The LTTE will request donors for tents which will then be used as temporary housing for displaced people.

Of the areas worst affected, the eastern coast is possibly worst off with entire towns and villages wiped out by the massive wave.  In Ampara and Batticaloa alone, 14,794 people were killed by the tsunami.  An estimated 14 schools have been damaged in Ampara, resulting in thousands of students being at a loose end when the new school term starts tomorrow (Jan. 10).

According Gajendran, roads and bridges will also need massive reconstruction and the TNA parliamentarian has called on the international community to provide the LTTE with equipment and materials to commence the rebuilding process, saying that the Tigers themselves had the capacity to go about this construction work.

Oceanic delicacies taboo for VIPs

When Executive Director, UNICEF Carol Bellamy called on LTTE Political Wing Leader S.P. Tamilselvan last week, she was denied the usual seafood treats the Tigers provide when they host international representatives in their de facto capital, Kilinochchi.

Apologising for the meat-only fare, Tamilselvan informed Bellamy that they were under strict instructions from LTTE Leader Velupillai Pirapaharan not to serve seafood until the threat of contamination from the tsunami devastation was eliminated.

The lack of delicacies such as prawns and cuttlefish on the menu would no doubt have been a disappointment for the UNICEF chief since VIP guests to Kilinochchi have come to expect extraordinary seafood dishes when they are hosted by the Tigers.

Finger pointing over Jaffna torching incident

There was a lot of finger pointing last week after a school in the north being used as a welfare center came under attack.  A temporary shelter made of wood was burnt to the ground at the camp located at Kudathanai in a government-controlled area in Vadamarachchi late last Saturday (Jan. 1) night creating tension and fear in the minds of the already affected displaced families.

When The Sunday Leader visited the location last week, displaced families who were in the camp as well as the LTTE pointed fingers at the army for the attack.

According to the inmates of the welfare center, the incident took place after they refused to accept aid from the army who have a military camp situated in close proximity to the school.

They say around 12 soldiers who were angered at the refusal allegedly surrounded the school and assaulted an LTTE cadre who was at the camp as well as two others.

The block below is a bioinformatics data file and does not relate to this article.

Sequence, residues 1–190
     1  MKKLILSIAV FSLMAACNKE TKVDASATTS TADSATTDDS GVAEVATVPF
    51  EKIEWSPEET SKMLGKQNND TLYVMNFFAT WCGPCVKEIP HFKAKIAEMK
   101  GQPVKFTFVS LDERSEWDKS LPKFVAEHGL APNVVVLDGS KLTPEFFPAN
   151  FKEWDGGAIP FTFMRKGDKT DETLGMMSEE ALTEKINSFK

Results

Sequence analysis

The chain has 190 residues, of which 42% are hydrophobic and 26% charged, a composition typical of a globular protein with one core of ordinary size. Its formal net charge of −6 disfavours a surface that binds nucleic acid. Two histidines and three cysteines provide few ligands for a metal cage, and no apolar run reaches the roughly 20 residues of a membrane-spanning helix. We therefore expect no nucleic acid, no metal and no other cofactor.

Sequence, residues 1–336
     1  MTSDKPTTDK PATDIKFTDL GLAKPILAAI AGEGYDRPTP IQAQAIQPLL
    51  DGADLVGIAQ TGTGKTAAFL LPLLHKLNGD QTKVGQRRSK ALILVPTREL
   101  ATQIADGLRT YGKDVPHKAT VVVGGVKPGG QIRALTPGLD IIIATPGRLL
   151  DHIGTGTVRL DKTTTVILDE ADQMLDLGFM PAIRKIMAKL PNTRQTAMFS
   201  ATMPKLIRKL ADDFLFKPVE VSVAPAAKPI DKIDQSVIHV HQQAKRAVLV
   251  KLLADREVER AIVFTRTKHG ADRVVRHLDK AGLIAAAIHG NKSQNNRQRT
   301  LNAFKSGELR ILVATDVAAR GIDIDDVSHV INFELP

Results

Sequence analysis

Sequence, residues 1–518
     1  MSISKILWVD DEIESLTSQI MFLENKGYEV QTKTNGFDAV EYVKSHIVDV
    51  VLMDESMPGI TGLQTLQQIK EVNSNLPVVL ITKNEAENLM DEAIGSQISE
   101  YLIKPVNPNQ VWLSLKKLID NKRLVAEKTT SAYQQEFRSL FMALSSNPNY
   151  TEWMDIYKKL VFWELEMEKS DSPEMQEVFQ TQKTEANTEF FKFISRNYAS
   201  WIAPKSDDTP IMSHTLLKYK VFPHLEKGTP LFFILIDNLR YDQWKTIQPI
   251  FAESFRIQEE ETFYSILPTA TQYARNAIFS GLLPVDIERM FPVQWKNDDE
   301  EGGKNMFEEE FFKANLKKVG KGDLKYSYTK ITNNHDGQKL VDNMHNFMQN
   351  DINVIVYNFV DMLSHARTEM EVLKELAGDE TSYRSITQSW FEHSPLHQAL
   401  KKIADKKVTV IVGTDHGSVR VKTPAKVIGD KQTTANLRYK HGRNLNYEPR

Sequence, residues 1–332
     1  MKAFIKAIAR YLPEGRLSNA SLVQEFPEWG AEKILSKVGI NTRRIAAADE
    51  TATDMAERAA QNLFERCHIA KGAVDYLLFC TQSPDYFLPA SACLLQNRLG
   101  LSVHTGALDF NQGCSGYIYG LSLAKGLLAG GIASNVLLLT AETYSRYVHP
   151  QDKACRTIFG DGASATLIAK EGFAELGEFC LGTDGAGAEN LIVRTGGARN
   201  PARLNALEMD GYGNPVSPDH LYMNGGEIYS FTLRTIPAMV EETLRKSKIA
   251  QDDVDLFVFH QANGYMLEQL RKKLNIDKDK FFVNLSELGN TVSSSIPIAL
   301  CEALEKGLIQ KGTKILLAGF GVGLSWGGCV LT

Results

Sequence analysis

"Some of them were loading their guns while the LTTE cadre was being assaulted" said one inmate.

"We screamed and the soldiers ran away after which we ran towards the beach which is a few meters away from the school and sought refuge somewhere else," he added.  He said when the inmates returned the next morning they found a temporary shelter situated in the school premises and the chairs as well as some of their belongings burnt to the ground.

An LTTE cadre identified as Karuna who was distributing lunch to the displaced families relocated to a nearby church told The Sunday Leader that the army had begun to target civilians because they were receiving food from the LTTE.

Meanwhile, Colonel Jayasundara from the Sri Lanka Army's 115th Brigade, that is located close to the school that came under attack, denied the army had a hand in the incident, saying the LTTE is trying to turn the people against the military.  He told The Sunday Leader that the people have been forced by the LTTE to make up stories against the army.

According to him, a LTTE cadre had obstructed the army from giving food supplies to the camp inmates by blocking the distribution vehicle with a bicycle.  "In an attempt to remove the bicycle, the army may have assaulted the LTTE cadre, but they never surrounded the camp or set fire to the tent," Colonel Jayasundara said.

He also noted that the government servant who is posted at the church now sheltering the displaced families is afraid to take any supplies from the army.  He says the army was to donate 10 temporary tents to the church but the government servant refused to accept it saying he needed time to consider.

"We have nothing against the people but the LTTE wants to increase its strength by turning the people against us," Jayasundara said.

Meanwhile when The Sunday Leader was speaking to the colonel, the LTTE truck with Karuna that had completed distributing food to the displaced families located at the church sped past the army camp, but not before pausing to stare at the soldiers on guard.

An angry Jayasundara said that the innocent civilians at the church are the ones ultimately suffering because of the actions of the terrorist group. 

Meanwhile the Sri Lanka Monitoring Mission is inquiring into the attack on the school.  SLMM Spokesperson, Helen Olatsdoftir told The Sunday Leader that the situation was presently calm and that the monitors are trying to gather the facts behind the incident as there were no eye witnesses.

The Sunday Leader


Posted January 11, 2005